Since the depth of focus field, defined in equation 4, varies as the square of the ratio of the focal length to the effective aperture, a large increase in the depth of focused field is readily obtainable. Thus, for example, the depth of focus field of a lens having a total aperture of 4 inches may be increased by a factor of 16 simply by utilizing solely a center electrode 18 having a diameter of one inch. In this case, the resolution is reduced, but only by a factor of four.
As discussed above, sometimes it is desired to obtain a relatively low resolution preliminary B-scan image merely for the purpose of ascertaining the exact location of a desired target area, so that a fine adjustment may then be made in the relative position of lens 202 with respect to the patient to ensure that the desired target area substantially coincides with the focal plane of lens 202 during a later high resolution C-scan. In this preliminary image, only large "landmarks" in the body need be observed. Since resolution is not critical in this case, the diameter of center electrode 18 sometimes may be reduced to as little as one-quarter. This provides an increase in depth of focus, with respect to a lens having a total lens aperture of 4 inches, by a factor of 256, with the resolution being reduced by only a factor of 16.
FIG. 4 illustrates a second species of switchable source and detector 12 which provides a time-varying effective aperture, useful in making a B-scan of certain relatively deep structure. Specifically, that fraction of the depth of the structure under examination which is within the relatively small focal region of the relatively large total lens aperture is detected by means of both center electrode 18 and annular electrode 20. This provides maximum available resolution within this small focal region. The remaining fraction of the structure under examination (which is outside of the relatively small focal region of the total lens aperture) is detected solely by center electrode 18, without the use of annular electrode 20.
In the second species of switchable source and detector 12, shown in FIG. 4, pulse source 30 applies each voltage pulse both across center electrode 18 and common electrode 16, through threshold switch 41 and conductors 24 and 22, and across annular electrode 20 and common electrode 16, through threshold switch 43 and conductors 26 and 22. As shown, each of the threshold switches 41 and 43 comprises a pair of oppositely poled semiconductor diodes. Each threshold switch conducts for both positive and negative polarities, so long as the absolute value of the amplitude exceeds a given threshold (i.e., 0.7 volt for most semiconductor diodes). As shown, conductor 22 from common electrode 16 is grounded.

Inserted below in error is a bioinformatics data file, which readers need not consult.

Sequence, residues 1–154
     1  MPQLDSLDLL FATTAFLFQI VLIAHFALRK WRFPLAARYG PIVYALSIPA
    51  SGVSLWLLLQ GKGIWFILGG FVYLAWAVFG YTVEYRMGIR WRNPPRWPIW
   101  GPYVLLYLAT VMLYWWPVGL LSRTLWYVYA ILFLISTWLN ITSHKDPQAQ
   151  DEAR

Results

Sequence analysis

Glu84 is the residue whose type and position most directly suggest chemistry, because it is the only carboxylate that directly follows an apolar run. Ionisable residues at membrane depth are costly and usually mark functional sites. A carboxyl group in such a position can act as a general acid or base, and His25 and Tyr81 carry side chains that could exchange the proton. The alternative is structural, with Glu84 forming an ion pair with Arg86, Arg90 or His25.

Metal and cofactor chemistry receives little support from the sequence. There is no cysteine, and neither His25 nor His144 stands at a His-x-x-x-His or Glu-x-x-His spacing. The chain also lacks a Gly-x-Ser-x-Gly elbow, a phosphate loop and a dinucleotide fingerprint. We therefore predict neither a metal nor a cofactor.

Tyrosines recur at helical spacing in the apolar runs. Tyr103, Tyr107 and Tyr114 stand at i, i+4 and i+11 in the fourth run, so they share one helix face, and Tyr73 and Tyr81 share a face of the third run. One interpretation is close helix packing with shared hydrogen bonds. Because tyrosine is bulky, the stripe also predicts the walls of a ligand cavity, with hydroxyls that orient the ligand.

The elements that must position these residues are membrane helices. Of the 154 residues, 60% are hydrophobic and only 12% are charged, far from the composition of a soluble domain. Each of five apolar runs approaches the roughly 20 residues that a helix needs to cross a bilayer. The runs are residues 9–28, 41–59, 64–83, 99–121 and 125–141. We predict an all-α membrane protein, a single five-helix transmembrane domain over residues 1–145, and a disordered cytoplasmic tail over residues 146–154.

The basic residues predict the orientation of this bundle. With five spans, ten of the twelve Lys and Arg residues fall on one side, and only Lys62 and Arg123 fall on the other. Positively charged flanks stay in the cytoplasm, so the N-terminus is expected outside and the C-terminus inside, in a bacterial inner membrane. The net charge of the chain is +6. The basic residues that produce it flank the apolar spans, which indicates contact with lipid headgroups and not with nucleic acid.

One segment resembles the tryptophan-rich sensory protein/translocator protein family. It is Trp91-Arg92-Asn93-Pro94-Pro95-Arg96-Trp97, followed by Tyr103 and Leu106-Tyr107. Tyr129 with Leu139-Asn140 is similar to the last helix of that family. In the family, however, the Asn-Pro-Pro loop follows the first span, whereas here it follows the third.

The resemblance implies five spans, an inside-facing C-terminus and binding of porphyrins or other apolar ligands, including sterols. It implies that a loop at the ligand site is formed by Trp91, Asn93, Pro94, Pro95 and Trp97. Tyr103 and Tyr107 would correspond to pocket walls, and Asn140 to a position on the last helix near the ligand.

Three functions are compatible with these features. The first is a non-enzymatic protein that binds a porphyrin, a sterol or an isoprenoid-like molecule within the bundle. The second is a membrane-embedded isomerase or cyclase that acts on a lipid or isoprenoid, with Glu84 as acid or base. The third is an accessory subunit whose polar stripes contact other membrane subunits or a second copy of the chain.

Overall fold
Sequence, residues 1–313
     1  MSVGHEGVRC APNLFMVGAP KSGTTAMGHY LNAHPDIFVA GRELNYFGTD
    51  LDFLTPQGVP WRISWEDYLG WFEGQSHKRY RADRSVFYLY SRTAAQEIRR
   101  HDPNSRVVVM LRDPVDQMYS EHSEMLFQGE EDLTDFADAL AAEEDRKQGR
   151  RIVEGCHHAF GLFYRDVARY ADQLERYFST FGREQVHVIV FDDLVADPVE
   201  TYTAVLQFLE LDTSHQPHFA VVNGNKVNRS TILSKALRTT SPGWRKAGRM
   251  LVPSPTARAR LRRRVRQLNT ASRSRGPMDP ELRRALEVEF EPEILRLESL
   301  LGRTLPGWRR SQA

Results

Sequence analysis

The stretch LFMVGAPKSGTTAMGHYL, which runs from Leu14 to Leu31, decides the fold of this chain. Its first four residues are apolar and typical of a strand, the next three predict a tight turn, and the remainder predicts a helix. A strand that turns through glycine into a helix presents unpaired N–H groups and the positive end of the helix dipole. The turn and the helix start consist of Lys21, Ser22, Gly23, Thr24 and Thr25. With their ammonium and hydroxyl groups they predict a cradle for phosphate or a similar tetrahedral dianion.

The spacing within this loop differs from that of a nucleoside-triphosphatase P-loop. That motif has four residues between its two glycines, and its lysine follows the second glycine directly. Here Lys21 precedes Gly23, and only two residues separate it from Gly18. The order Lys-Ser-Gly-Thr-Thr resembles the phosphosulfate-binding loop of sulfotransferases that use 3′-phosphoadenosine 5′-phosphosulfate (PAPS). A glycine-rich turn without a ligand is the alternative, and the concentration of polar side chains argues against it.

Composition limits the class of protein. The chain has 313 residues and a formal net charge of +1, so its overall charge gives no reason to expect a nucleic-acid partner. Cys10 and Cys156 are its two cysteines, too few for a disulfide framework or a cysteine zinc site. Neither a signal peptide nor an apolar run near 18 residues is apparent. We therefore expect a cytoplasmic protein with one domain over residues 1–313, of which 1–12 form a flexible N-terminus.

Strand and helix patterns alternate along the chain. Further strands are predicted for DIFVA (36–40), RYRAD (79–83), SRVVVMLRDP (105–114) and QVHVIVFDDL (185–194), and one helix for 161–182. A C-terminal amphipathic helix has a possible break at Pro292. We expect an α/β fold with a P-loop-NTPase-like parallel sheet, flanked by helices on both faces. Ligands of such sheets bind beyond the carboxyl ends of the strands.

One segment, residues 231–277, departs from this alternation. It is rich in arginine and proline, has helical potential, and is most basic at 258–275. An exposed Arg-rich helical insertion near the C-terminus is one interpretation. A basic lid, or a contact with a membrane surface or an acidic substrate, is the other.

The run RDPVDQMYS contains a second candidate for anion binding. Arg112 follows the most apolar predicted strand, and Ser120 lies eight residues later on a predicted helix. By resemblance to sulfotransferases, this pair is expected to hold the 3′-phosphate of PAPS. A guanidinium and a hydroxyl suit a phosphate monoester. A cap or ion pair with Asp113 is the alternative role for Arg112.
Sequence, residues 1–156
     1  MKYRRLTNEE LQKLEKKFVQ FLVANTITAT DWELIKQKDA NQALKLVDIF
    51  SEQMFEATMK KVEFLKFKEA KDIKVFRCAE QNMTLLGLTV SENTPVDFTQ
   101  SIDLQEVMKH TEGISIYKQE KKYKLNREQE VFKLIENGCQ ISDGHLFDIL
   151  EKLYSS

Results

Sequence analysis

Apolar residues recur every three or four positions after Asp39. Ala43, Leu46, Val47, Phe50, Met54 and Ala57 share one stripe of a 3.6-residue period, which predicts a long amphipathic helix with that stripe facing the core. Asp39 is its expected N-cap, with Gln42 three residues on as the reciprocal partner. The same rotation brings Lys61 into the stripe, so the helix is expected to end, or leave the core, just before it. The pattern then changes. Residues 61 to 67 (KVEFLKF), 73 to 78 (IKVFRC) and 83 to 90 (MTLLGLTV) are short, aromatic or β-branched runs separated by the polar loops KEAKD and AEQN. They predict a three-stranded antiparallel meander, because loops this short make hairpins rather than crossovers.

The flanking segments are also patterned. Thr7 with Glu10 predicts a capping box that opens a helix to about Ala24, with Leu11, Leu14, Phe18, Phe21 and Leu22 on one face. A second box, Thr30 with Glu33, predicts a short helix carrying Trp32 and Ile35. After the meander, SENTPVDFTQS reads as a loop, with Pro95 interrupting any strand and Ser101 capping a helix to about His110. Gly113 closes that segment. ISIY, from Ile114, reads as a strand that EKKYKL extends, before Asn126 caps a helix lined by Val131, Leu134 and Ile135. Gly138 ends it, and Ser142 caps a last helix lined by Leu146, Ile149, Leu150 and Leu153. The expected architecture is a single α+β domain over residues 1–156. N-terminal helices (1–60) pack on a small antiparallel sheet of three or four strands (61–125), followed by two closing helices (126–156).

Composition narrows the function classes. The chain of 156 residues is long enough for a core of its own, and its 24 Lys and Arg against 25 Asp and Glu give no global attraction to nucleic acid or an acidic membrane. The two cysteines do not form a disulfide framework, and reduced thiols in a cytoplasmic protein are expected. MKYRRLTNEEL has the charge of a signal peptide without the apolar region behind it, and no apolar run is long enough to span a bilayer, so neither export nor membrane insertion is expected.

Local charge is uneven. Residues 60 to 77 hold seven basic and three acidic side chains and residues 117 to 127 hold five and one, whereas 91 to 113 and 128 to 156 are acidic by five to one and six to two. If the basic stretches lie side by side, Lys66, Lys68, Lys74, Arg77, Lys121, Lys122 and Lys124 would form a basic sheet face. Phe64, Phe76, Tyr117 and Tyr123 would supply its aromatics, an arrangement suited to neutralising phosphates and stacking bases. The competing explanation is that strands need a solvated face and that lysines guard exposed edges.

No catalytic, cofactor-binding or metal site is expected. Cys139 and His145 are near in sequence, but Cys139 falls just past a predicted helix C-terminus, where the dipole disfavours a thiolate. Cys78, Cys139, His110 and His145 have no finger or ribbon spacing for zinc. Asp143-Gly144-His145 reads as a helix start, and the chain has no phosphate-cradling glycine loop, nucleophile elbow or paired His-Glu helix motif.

Conductor 24, from center electrode 18, is also connected to one end of first primary winding 44 of signal combiner 46 through normally open switch 48 of time-controlled gate 50. The other end of first primary winding 44 is grounded. In addition, conductor 24 is connected to the control input of gate 50. In a similar manner, conductor 26, from annular electrode 20, is connected to one end of second primary winding 52 of signal combiner 46 through normally open switch 54 of time-controlled gate 56. The other end of second primary winding 52 is grounded. Conductor 26 is also connected to the control input of gate 56. The structure of time-controlled gates 50 and 56 is substantially similar to that of conventional range gates employed both in sonar and radar. One end of secondary winding 58 of signal combiner 46 is coupled, as the output of the second species of switchable source and detector 12, to imaging electronics 218. The other end of secondary winding 58 is grounded.
Reference is made to the timing diagram of FIG. 5 in the following discussion of the operation of the second species of switchable source and detector 12, shown in FIG. 4. For illustrative purposes, in this discussion, it is assumed that the wavelength of the ultrasonic energy is 1 mm (about 1/25 inch), that the lens 202 has an aperture of 4 inches and focal length of 10 inches, that center electrode 18 is substantially one inch in diameter and that annular electrode 20 has an outer diameter of at least 4 inches.
Referring to both FIGS. 4 and 5, pulse source 30 initiates the generation of a typical voltage pulse 60 at time T0. Voltage pulse 60 has an amplitude much greater than the value of threshold intensity 62 of threshold switches 40 and 42. Therefore, a voltage pulse is applied both across center electrode 18 and common electrode 16 and across annular electrode 20 and common electrode 16. This results in the generation of a wide ultrasonic beam 40--40, (FIG. 2) which is transmitted toward the structure being imaged.